Alexander and Sibyl were seated before the newly finished assembly machine. Robotic arms inside of it worked frantically to assemble security devices on frames bearing glyph wafers. One was a new plaque for Sibyl, complete with all exemplar standards and a shield. Two others were shields for Christof and Sakhr. Alexander had sketched the glyphs from a hacked plaque and his own ink-and-paper shield glyph.
The arms attached pressure sensitive bulbs, light diodes, caustic chemicals that react with oxygen, and back up explosives on a separate battery pack.
“Katherine was a paranoid woman, wasn’t she?” Alex said. “All that just to keep one little chip safe.”
“Mmhmm…,” Sibyl replied.
“Not that I blame her. I’d do the same too if it were me. It’s too bad Paul had to let the glyphs into the wild. We still have the shield glyph though,” Alex said. “That’s the one that really matters.”
Sibyl didn’t care much to talk with Alex. He knew damn well how she felt about him. He’d seen enough of her mind over the centuries. For her, she was here because Sakhr ordered her here. As soon as she had the plaques, she planned to be out the door.
Eventually, three plaques slid into the machine’s dispenser tray. Sibyl gathered them and turned to leave.
“Hold it,” Alex said.
He held out his hand. “Your paper glyph?”
“Your paper shield glyph. You don’t need it anymore, and keeping it around is a security risk. All someone would need is twenty seconds alone with it and the shields would be in the wild just as much as the other glyphs are.”
“Oh. Right.” Sibyl fetched a slip of paper from her coat pocket and handed it over. Alex tore it neatly in half. Sibyl again turned to leave.
“Just one last thing,” Alex said.
She paused, though she fidgeted.
Alexander walked to a lit glass cabinet and opened the lid. “Could you put the plaques in here for a second?”
“This is a plaque holding case. Exemplars are able to leave their plaques inside of these without them self-destructing. Before Katherine had shields, exemplars would have to store their plaques in these before entering her presence so they couldn’t read her mind. The case keeps them secure, and keeps them from self-destructing. Christof will need one, unless he wants to replace his plaque every every time he talks to the glyph breaker. I had my boys set this up, but I wouldn’t trust them to remember their own names, so I need to test it..” He nodded toward the plaques in her hand.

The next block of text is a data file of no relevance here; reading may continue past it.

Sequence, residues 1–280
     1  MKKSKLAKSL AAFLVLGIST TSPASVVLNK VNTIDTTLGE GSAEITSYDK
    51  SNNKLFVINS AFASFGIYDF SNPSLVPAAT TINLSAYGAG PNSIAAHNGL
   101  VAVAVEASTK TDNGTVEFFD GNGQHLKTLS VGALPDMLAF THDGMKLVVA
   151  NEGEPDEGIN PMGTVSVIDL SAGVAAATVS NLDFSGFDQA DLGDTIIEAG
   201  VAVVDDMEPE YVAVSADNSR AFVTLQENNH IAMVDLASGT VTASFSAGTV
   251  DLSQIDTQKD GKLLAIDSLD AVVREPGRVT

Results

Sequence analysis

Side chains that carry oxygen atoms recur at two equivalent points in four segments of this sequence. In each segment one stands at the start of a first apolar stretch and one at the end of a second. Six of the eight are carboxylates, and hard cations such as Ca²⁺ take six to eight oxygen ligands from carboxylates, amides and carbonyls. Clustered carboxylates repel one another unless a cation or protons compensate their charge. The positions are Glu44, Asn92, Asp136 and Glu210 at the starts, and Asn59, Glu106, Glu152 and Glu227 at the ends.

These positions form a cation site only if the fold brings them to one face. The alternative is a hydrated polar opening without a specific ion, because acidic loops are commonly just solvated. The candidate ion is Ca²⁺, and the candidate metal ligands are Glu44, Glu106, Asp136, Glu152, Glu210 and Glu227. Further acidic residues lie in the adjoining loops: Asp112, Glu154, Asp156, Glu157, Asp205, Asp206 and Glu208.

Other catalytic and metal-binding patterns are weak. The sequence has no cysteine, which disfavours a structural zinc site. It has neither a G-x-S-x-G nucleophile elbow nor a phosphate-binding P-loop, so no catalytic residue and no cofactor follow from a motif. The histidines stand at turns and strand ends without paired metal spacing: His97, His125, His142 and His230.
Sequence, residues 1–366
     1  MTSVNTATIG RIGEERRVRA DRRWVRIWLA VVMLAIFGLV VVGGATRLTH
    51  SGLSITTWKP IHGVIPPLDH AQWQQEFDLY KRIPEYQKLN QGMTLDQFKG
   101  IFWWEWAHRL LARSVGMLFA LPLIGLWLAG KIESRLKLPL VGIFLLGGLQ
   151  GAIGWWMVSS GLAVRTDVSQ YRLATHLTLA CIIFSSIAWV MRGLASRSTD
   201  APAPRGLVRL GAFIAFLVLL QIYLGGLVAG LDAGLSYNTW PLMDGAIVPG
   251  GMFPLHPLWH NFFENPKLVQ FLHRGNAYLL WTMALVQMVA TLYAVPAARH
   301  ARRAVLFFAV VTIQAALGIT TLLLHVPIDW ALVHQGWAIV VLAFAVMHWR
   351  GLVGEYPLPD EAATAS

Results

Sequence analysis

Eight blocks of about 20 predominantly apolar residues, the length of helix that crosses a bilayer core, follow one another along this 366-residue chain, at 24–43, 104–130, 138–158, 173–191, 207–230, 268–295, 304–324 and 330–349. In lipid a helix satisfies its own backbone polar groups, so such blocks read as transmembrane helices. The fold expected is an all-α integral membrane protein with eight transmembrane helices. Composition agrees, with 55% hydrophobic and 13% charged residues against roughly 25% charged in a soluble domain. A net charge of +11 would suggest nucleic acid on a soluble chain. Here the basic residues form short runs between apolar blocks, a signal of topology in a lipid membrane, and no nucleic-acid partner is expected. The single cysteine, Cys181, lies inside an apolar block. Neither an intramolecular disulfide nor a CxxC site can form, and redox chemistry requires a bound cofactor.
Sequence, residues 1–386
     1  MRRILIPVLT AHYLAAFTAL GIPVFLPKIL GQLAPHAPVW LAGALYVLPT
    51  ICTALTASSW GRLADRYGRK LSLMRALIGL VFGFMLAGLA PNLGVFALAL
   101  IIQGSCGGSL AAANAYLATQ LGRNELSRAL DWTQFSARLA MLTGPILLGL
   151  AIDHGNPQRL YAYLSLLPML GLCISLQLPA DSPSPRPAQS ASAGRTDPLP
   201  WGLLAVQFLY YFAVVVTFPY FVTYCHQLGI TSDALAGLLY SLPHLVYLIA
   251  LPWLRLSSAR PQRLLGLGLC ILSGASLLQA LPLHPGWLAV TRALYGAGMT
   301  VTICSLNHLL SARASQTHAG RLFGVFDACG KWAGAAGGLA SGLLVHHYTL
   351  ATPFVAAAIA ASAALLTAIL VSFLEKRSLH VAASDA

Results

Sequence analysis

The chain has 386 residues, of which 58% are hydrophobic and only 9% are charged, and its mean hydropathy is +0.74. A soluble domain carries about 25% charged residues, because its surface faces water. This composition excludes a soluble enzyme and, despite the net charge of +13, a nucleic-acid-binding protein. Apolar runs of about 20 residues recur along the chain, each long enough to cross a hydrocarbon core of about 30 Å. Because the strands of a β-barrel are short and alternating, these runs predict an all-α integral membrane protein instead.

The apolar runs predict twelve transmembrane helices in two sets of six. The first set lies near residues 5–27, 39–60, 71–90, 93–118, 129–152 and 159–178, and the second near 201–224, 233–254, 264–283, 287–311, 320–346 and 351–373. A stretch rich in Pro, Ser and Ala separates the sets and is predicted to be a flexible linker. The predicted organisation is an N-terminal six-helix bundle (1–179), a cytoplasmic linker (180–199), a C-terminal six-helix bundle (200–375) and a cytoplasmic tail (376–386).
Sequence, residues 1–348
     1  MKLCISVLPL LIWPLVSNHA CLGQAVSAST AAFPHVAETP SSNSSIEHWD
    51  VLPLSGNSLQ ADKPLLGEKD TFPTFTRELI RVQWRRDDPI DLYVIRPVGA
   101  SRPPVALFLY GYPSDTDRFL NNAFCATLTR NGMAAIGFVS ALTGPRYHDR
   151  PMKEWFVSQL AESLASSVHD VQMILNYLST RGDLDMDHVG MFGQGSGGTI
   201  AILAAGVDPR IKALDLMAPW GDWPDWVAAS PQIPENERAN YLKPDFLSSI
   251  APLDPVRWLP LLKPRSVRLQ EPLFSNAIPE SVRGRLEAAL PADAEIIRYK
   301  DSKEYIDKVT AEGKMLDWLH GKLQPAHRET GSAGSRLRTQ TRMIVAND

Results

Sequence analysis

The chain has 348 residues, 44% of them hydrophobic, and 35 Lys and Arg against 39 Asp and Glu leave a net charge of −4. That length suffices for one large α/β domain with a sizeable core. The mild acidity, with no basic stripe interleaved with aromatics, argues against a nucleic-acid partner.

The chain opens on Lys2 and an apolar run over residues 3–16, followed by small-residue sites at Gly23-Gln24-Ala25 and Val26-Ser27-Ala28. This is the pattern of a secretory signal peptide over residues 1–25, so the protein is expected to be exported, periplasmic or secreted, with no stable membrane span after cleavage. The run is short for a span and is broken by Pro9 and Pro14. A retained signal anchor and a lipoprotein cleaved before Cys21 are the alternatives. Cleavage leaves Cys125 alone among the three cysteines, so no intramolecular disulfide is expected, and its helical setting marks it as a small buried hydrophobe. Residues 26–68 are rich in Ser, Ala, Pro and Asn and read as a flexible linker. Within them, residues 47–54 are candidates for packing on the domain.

Sibyl placed Christof’s and Sakhr’s plaque inside.
“Sorry.” Alex picked up them up and set them aside. “Not those. Yours. Their’s aren’t activated yet. I need to make sure your plaque can be in here while you walk away.”
To her credit, Sibyl hesitated. Alex doubted she actually suspect anything. Perhaps her flair had picked up on something despite Alex’s shield, since he didn’t think her tiny, trusting brain would have actually notice how orchestrated their exchange was.
She placed hers inside.
“Now come with me.” Alex guided her. “We have to get five meters away.”
They did so.
“Is that good?” Sibyl turned to head back.
He stopped her. “We’ll know in a moment. If the case isn’t working, the plaque should beep soon. Then it would pop after another minute. If the case is working, then the plaque should be fine.”
“Sorry you had to come down here,” said Alex. “Christof has been a little upset with me lately.”
Alex sighed. “It’s this whole Paul thing. He thinks I went overboard.”
“I don’t know what to do. We needed that glyph. So Sakhr ordered me to do what I had to. Then around Christof, he’ll pretend what I do disgusts him. He thinks I don’t know he does this. Am I wrong? Every time I’m not around, he’s disparaging me, isn’t he?”
Sibyl shifted uncomfortably. “No. He’s just… under pressure.”
“We’re all under pressure. This empire is falling, and we’re all busting our asses to keep it upright. We’ve got Katherine out there, the military deserters, and a whole world rebelling against us. I’ve been running back and forth juggling Paul and the exemplars. I’m just trying to make this work.”
“Yes, I know.” Sibyl frowned. Confusion? Could she sense her own aura changing? He slowed down on his Sympathy flexing, but not by much.
“I just don’t think they’re being fair to me. If Sakhr had such a problem with how I do things, he should do it himself, but he doesn’t. He orders me to do whatever needs to be done, and then he and Christof hate me for it.” He shrugged. “I’m starting to feel like he’s setting me up. He’s got my power now. Pretty soon, he’s going to get rid of me and wash his hands of all the shit he’s making me do. I’m his scapegoat.”
Alex stared at the ground feeling sorry for himself. Did he overplay it? He had never complained before, especially not to someone as vapid as her. Even she might detect his odd behavior.
But then a hand was on his shoulder. He looked up to see her staring at him.
“He won’t do that to you. He’s loyal to his own. You know that.” She smiled timidly. “I could say something to him.”
That was just fifteen seconds of Sympathy. Where would two minutes get him? Where would ten?
“No,” he said meekly. “It’s just nice to talk about it.”